Brock R. Abbey, assistant county attorney, Ellen Mitchell, county attorney, and Derek Schmidt, attorney general, for appellant. Michael S. Holland II, of Holland and Holland, of Russell, for appellee.
Brock R. Abbey, assistant county attorney, Ellen Mitchell, county attorney, and Derek Schmidt, attorney general, for appellant.
Michael S. Holland II, of Holland and Holland, of Russell, for appellee.
Before MALONE, C.J., GREEN and BUSER, JJ.
In this interlocutory appeal, the State challenges the district court's suppression of the results of a breath test administered to Gregory Michael Nece after his arrest for driving under the influence of alcohol (DUI). The district court found that Nece's consent to the breath test was coerced and not freely and voluntarily given because the law enforcement officer who administered the test had advised Nece, pursuant to the statutory implied consent advisories, that his refusal to take the breath test might result in a separate criminal charge being filed against him. For the reasons explained herein, we reverse the district court's judgment and remand for further proceedings.
On June 26, 2013, Officer Crystal Hornseth of the Salina Police Department stopped Nece's vehicle for having a defective headlight. While speaking with Nece, Hornseth detected the odor of an alcoholic beverage and observed that his eyes were bloodshot. Nece said that he had consumed one beer approximately an hour earlier.
Hornseth administered three field sobriety tests: the horizontal gaze nystagmus test (HGN), the walk-and-turn test, and the one-leg-stand test. Hornseth observed six clues of impairment during the HGN test, six clues during the walk-and-turn test, and three clues during the one-leg-stand test. A preliminary breath test (PBT) indicated that Nece's blood alcohol content (BAC) was above the legal limit. Hornseth arrested Nece and transported him to the Saline County Jail.
At the jail, Hornseth provided Nece with oral and written notice of the implied consent advisory, commonly known as the DC–70 form. The DC–70 form advised Nece that if he refused to submit to testing and other prerequisites were met, “you may be charged with a separate crime ... which carries criminal penalties equal to or greater than those for the crime of driving under the influence.” After receiving the implied consent advisories, Nece consented to a breath test conducted with an Intoxilyzer 8000. The test results revealed Nece's BAC to be .162 percent, more than twice the legal limit.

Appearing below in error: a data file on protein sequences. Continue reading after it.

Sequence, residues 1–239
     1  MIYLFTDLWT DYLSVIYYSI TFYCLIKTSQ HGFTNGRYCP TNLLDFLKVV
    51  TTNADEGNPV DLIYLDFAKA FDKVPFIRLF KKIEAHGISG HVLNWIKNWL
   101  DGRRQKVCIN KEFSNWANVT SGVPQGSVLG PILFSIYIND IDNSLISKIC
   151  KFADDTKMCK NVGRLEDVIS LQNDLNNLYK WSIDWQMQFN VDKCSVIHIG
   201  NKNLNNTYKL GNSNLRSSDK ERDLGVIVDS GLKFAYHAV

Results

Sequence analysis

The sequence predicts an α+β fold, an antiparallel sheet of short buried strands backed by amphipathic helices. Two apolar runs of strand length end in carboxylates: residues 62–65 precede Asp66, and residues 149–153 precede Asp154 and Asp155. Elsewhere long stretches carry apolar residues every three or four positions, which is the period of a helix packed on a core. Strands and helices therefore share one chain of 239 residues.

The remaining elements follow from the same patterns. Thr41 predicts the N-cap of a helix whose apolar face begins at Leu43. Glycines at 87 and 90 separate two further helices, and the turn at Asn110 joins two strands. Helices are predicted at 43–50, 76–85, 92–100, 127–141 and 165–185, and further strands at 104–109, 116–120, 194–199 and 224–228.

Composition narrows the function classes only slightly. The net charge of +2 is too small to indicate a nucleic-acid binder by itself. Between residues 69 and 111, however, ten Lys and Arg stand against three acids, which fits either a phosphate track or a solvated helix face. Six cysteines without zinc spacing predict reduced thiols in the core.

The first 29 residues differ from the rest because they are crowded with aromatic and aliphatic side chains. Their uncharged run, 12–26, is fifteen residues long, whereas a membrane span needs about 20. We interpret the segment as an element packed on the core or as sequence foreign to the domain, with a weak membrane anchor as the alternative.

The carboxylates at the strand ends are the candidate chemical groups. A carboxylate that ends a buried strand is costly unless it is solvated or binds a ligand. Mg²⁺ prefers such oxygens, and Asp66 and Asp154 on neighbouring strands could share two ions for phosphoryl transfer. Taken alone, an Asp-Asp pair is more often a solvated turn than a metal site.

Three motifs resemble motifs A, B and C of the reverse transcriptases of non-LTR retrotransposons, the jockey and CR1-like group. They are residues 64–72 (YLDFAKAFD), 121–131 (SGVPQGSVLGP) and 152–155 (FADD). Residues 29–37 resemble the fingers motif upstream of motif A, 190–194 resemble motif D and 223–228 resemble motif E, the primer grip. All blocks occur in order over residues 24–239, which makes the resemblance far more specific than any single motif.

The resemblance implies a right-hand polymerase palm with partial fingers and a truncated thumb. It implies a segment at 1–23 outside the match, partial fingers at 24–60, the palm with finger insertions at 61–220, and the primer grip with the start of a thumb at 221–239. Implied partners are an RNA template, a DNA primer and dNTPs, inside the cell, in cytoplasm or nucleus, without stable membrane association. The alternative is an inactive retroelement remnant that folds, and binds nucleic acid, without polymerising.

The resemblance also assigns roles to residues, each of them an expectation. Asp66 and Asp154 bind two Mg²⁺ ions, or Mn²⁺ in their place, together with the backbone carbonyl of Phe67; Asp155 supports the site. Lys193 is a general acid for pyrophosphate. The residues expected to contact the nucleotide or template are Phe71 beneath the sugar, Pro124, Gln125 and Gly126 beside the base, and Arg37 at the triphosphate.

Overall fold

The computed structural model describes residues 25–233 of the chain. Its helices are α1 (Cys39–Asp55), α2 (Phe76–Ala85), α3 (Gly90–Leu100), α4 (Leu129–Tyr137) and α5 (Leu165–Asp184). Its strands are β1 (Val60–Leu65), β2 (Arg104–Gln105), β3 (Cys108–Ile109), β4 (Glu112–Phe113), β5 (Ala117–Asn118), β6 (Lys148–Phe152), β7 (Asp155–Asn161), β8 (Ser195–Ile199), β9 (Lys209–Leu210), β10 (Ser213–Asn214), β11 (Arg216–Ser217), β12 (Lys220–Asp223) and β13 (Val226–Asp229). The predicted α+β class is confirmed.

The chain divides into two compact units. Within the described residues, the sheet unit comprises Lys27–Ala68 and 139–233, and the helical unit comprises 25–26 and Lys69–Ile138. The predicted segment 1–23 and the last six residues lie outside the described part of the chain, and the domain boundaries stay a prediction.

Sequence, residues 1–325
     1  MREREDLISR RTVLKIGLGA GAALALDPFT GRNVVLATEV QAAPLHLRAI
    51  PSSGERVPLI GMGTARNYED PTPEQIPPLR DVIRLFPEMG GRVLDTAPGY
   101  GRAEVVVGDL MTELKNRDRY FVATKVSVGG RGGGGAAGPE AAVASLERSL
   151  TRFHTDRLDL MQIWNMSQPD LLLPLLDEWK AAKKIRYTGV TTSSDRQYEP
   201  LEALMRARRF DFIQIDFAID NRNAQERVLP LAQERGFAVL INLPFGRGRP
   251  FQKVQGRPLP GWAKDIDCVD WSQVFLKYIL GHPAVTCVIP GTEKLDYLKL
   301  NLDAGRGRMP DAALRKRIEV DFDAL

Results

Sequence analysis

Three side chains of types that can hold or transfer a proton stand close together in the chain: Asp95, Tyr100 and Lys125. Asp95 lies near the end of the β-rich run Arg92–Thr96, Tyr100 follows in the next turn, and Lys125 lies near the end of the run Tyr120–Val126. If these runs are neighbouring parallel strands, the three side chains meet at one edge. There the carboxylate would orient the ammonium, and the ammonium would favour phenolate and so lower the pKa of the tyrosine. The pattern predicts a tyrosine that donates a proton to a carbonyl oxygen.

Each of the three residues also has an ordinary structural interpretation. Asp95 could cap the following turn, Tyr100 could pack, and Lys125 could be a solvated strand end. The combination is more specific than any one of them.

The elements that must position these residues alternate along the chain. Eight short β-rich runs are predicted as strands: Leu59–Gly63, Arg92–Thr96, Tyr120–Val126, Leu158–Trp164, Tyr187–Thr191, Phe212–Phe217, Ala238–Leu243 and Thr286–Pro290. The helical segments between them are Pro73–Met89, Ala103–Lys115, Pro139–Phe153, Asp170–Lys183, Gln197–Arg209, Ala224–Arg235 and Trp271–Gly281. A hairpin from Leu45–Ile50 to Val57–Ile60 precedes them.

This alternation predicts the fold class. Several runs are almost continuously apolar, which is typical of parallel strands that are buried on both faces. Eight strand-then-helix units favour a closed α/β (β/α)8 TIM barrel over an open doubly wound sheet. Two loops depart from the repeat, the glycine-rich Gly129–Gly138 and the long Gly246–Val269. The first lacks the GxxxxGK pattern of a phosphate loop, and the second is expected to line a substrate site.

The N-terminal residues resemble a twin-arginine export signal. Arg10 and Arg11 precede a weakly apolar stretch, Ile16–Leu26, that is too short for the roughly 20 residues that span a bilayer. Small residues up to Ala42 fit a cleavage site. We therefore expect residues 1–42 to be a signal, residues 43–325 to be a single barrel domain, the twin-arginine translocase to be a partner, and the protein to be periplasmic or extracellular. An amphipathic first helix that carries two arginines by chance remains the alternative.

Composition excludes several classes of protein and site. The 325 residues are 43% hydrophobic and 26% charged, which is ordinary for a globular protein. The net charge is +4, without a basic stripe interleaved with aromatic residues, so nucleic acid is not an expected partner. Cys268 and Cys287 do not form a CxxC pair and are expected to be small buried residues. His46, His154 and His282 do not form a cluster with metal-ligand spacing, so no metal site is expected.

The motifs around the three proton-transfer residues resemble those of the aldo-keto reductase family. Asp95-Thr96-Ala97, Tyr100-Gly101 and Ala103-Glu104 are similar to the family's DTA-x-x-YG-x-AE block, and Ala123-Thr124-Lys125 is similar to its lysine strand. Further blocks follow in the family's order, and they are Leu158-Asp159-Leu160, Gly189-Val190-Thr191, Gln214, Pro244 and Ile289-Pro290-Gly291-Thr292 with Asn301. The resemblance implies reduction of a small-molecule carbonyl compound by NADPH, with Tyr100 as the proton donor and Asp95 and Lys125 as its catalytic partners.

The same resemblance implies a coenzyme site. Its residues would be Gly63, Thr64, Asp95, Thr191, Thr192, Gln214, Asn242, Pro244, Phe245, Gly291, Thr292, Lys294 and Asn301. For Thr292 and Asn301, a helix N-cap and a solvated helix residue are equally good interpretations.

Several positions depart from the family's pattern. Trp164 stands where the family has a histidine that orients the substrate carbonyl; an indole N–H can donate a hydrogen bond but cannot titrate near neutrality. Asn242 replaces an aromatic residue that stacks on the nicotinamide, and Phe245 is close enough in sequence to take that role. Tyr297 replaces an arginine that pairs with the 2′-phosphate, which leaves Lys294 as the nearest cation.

On July 30, 2013, the State charged Nece with alternative counts of driving under the influence of alcohol or drugs with at least one prior conviction within the last 10 years, a nonperson felony. Nece filed multiple motions to suppress and requested that “all evidence seized or obtained in violation of his constitutional rights be suppressed.” Nece also filed a memorandum in support of his motion to suppress. In the memorandum, Nece argued that the recent United States Supreme Court decision in Missouri v. McNeely, 569 U.S. ––––, 133 S.Ct. 1552, 185 L.Ed.2d 696 (2013), “eviscerated” the foundation of the Kansas implied consent law and, therefore, warrantless test results obtained pursuant to that law must fit within an exception to the general warrant requirement or violate the Fourth Amendment to the United States Constitution. Although Nece acknowledged that consent is a well-established exception to the warrant requirement, he argued that his consent was not valid because he was improperly coerced by the implied consent advisories, which informed him that refusing the test was an additional criminal act.
The State responded to the motion to suppress, arguing that the search was reasonable and that consent to the search was statutorily implied. The State pointed out the Kansas Supreme Court's approval of the use of the implied consent law to coerce submission to chemical testing, and the State argued that the threat of criminal sanctions fits within that type of approved coercion. In addition, the State asserted the “special needs” warrant exception applied because the State's interest in protecting public safety outweighs the intrusion of the testing. The State also argued that McNeely does not control and that the constitutionality of criminalizing a test refusal was not properly before the court because Nece was not charged under that law.
On February 12, 2014, the district court held a hearing on the motion to suppress. The parties stipulated to the following facts:
“1. Defendant was arrested at 10:52 p.m. on June 26th for driving under the influence.
“2. Defendant was taken into custody to the Law Enforcement Center.